“Sports are big in North Texas, whether it’s NASCAR [or] football,” said Daryl Hope, 47, who is moving soon from Forest Hill to Rockwall.

Hope prefers his perch at Dave & Buster’s to stadium seating because it allows him to watch multiple games at once.

That’s important, he said, since he’s big into fantasy football. Try 14 leagues big.

The introduction of fantasy football to younger consumers and mainstream consumers, including women, has given the sports bar segment a nice lift, Tristano said.

Despite the fan enthusiasm, North Texas remains a challenging market as operators compete for both consumers and investors.

In 2000, when the Canadian-based pizza and sports bar chain Boston Pizza began investing in a U.S. expansion, it headed straight for North Texas. The U.S. headquarters is in Dallas and a corporate restaurant that doubles as a training center is in Irving along busy Interstate 635.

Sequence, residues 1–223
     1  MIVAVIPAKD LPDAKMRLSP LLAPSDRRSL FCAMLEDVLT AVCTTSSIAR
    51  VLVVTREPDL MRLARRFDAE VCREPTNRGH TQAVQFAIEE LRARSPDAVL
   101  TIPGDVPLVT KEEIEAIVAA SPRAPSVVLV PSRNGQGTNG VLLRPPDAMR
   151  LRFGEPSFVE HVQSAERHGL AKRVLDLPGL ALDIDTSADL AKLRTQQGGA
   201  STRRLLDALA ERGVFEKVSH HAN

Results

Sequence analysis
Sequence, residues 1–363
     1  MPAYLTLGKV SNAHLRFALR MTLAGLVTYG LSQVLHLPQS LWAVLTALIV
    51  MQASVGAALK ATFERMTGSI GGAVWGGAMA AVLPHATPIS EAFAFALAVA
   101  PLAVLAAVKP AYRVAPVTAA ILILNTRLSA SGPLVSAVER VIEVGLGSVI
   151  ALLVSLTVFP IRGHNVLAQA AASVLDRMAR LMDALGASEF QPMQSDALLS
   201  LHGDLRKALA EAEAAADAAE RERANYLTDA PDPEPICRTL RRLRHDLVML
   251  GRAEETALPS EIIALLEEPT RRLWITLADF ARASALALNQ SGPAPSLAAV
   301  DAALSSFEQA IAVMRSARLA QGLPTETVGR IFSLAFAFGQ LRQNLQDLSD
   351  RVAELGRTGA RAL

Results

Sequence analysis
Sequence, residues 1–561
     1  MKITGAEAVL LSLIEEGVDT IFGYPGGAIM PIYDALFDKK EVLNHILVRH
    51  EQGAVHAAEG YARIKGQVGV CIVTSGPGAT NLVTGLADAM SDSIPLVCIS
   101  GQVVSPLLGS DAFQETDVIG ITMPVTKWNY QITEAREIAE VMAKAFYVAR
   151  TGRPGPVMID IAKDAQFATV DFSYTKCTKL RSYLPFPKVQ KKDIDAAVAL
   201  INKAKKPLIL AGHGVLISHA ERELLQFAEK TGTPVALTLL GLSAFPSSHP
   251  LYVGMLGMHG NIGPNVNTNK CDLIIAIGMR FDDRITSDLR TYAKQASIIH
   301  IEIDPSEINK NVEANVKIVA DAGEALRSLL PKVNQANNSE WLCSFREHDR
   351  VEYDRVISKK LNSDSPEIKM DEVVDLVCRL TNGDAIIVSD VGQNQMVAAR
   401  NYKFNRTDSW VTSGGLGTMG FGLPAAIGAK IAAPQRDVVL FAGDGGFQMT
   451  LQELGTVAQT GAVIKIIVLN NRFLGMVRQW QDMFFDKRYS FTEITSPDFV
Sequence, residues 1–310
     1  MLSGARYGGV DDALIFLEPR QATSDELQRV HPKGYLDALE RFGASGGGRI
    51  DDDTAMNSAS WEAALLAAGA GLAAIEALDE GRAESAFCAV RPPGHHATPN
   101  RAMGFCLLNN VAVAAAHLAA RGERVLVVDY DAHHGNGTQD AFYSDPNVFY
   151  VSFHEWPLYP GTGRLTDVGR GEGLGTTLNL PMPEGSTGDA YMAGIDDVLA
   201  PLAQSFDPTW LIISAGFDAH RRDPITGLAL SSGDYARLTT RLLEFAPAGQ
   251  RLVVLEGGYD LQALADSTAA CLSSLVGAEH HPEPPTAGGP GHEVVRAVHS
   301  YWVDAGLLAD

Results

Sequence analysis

Three more franchised locations were added locally through 2007. Then the company was hit with a blitz known as the great recession. From about 60 U.S. locations, the brand dropped to about 25. No additional locations have opened in North Texas in the past 9 years.

Nationally, the brand gained some yardage and is now back up to 29 locations. And while the company has found a franchisee to grow in West Texas — two locations will open in El Paso next year — the company has yet to find the right local combination of investor and real estate for North Texas.

“There’s lots of competition,” said Ken Phipps, director of franchise development for Boston’s Restaurant & Sports Bar, the U.S. arm, as the lunch bunch watched highlights from the weekend’s sports matchups.

North Texas “is and will remain one of our target markets to find the right franchise partners to help us grow.”

“It’s a very expensive market as far as real estate,” he added. “It retained its real estate value post-2008, and it’s gone nothing but skyward. Especially locations like Frisco, Plano, Arlington, with all of the new big developments like the Cowboys’ The Star.”

Three different franchisees own the three noncorporate D-FW locations. Now the company, like many major chains, is looking for large investors who can open more than one location.

“It’s a big investment,” he said, “We look for a net worth of $1.5 to $2 million and liquidity of $500,000.”